- The Washington Times - Tuesday, February 26, 2008

On any random winter night Ohio University happens to play, it’s safe to assume Maryland’s Dave Neal is jotting a mental note to himself about the Bobcats’ result.

His Terrapins haven’t seen Ohio since absorbing a mid-December loss. But Neal, ever the hoops junkie, knows just how influential the results of Maryland’s opponents can be when the NCAA tournament selection committee reviews the Terps’ worthiness for a berth next month.

Ohio, checking in at a respectable No. 54 in the RPI entering yesterday, is certainly not hurting Maryland. And Neal, who will enter the press room for interviews and convincingly spout off RPIs, is well aware of it.

“I keep track of them,” Neal said. “They’re near the top of their conference, so our loss to them — we shouldn’t have lost to them — but at the end of the year if they win their conference it’s not considered as bad a loss if they’re the best team in their conference.”

So it’s come to this: A bracketologist in the ranks of major college basketball players.

It is an avocation made popular in recent years by a spate of bracket-wielding observers, most notably Joe Lunardi of ESPN.com and Jerry Palm, who operates collegerpi.com.

Maybe it was just a matter of time before a player picked up on it. Lunardi said in an e-mail he’s had general conversations with Xavier’s Stanley Burrell and Bucknell’s John Griffin but nothing too specific.

Then again, it probably makes some sense.

“I mean, I’m not going to get into the NCAA tournament no matter what I think,” Palm said. “I think players have a vested interest in it. [More power to] those that have the time and gumption.”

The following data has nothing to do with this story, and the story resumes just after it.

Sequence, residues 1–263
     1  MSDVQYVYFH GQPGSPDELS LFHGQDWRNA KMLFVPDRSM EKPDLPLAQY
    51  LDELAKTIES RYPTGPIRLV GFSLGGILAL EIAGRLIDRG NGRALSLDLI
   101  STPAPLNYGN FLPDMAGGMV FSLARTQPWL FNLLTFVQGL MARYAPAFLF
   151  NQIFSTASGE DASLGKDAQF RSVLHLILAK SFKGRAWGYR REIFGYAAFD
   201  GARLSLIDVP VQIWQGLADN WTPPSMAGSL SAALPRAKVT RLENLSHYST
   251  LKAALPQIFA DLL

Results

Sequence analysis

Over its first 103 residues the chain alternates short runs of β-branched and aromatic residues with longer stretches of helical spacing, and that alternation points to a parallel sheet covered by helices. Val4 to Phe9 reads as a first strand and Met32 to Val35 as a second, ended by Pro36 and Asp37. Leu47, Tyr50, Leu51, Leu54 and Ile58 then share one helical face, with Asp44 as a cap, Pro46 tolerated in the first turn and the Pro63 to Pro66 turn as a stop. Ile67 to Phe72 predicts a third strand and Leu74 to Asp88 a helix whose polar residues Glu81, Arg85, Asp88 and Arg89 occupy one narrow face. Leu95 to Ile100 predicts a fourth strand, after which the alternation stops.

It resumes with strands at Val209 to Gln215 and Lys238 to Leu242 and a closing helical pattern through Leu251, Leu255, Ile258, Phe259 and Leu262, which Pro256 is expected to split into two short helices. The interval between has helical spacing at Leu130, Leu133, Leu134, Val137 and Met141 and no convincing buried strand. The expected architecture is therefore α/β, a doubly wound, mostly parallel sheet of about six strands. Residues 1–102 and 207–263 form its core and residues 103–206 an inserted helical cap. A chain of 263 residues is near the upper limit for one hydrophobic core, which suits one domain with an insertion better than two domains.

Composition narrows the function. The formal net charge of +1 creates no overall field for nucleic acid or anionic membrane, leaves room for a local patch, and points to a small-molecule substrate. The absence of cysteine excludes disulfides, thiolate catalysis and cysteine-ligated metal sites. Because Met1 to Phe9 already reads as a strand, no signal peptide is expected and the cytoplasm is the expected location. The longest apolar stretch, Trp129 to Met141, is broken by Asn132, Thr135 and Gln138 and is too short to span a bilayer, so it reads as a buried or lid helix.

That isn’t always easy with classes and games and travel. But Neal still will get into some heated discussions with senior guard Jason McAlpin about the merits of teams from across the country.

To Neal, it’s all about possessing an arsenal of knowledge backed by constant research. That means watching plenty of games and reading newspapers in his spare time as part of his preparation.

“I listen to ‘College GameDay’ every Saturday morning and try to see what they have to say and keep track of teams’ RPIs,” Neal said. “The top 25 to me isn’t anything special because some teams to me I don’t believe deserve to be in there. I try to look at teams’ RPIs because that’s what I think they base most of the decision off of.”

“They,” of course, is the catch-all pronoun for the NCAA tournament selection committee that will convene in Indianapolis in a few weeks to choose the 65-team field. And “they” will have their work scrutinized heavily once it is completed.

Until then, everyone will have an opinion. Many coaches will express understandable wariness about RPIs — as Notre Dame’s Mike Brey did as early as December’s Jimmy V Classic — and SOSs and nearly every other acronym imaginable.

But as Neal demonstrates, the information is out there for everyone.

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